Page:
Thank you so much for this information! I have thought a lot about opening an Etsy shop and I appreciate the information you laid out here.

  • Monica Mathias

    Thank you so much for this information! My daughter and I have been discussing setting up an etsy shop for two years now.

  • [email protected]

    Hi Monica! That would be an amazing adventure to do it together. Etsy is such a great place to start a business, because you don’t need a full “store” as you would in a stand-alone site. I’ve seen very successful Etsy shops with only 10 listings….whereas that would look silly in a BigCartel store. You can begin by sewing just a handful of items, photograph them and set up listings, then take custom orders from there. If you make a variety of sizes and color options, then it’s like having a full shop, but without needing to sew all that inventory! What are you thinking of selling?

  • Tibeca

    This is such a great post. The only thing you didn’t mention is the “legality” of what you’re sewing. People that sew for children need to about CPSIA compliance which is a HUGE hurdle for many small scale seamstresses. I know many just sew and pretend like they don’t know (Or are truly naive) but the financial repercussions can eat into your profits if you get hit with fines. ALWAYS know what hoops you need to jump through to meet tax and other legal necessities.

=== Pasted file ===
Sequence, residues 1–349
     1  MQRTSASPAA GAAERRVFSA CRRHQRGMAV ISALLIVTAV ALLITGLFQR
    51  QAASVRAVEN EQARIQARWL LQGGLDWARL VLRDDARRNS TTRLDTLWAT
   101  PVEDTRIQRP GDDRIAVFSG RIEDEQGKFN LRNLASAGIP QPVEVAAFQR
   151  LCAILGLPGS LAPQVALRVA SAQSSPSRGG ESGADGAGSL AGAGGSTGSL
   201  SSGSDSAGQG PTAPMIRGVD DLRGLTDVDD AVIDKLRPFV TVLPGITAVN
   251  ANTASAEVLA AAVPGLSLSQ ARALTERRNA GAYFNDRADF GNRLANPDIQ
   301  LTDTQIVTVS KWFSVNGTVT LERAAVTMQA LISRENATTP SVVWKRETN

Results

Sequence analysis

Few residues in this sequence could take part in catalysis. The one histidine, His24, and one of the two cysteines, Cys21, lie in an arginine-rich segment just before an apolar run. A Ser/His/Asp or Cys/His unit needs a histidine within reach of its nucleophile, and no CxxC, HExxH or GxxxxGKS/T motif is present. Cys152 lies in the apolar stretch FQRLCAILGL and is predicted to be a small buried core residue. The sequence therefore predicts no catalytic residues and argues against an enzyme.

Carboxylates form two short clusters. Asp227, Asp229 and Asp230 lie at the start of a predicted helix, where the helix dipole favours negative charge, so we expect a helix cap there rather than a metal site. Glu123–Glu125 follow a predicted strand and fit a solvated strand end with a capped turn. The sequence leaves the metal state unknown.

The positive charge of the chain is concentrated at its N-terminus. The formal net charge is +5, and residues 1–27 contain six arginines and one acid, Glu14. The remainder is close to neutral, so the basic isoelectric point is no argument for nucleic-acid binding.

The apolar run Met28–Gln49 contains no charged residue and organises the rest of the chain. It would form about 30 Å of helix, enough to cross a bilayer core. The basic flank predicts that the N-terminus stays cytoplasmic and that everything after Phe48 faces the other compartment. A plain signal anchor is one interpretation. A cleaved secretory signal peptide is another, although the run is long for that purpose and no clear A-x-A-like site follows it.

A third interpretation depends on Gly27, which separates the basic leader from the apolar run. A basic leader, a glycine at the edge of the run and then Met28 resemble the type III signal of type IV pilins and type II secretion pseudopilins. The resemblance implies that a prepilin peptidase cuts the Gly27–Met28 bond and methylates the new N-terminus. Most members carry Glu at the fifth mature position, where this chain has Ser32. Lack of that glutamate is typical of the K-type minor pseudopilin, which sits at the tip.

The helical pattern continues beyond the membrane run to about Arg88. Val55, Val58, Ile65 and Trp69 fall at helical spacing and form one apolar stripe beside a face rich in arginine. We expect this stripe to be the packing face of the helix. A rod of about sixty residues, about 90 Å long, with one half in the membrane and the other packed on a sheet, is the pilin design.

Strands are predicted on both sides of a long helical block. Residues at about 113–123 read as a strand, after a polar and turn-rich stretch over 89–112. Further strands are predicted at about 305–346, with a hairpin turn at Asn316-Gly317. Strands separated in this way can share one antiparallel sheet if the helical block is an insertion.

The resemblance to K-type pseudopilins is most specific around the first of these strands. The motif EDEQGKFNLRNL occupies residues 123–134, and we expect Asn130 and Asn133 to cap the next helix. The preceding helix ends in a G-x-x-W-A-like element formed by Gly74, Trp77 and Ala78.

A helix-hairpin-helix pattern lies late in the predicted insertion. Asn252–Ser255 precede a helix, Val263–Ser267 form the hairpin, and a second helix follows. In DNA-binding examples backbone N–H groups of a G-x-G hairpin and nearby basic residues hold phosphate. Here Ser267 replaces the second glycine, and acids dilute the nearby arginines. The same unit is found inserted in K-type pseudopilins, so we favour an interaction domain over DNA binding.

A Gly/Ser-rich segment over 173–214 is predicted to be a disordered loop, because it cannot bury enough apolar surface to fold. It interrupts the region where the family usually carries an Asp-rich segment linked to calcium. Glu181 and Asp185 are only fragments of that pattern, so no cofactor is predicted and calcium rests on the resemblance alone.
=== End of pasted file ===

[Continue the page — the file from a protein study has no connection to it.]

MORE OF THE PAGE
• [email protected]

    Very good point. Yes, the work involved in record-keeping IS huge, and sadly I have several friends whose businesses have become unprofitable due to the time involved. Has all of that been blogged about ad infinitum already? I was thinking of writing about another aspect: the difference between compliance for short-runs versus compliance for custom orders. The entire purpose of compliance regulations is to protect the customer in case of a product recall, and being able to contact customers who purchase from short runs (let’s say at retail, or craft fairs) is pretty darn difficult, which is why the CUSTOMER has the batch tag number to check on and contact the maker for a return. On the other hand, when selling custom orders the system is in reverse: the SELLER keeps records of each individual sale, the name and address and email of the customer, the item made, and all of the materials used…so if there is a recall of any of the materials, the seller has the customer information to contact them and get the product returned.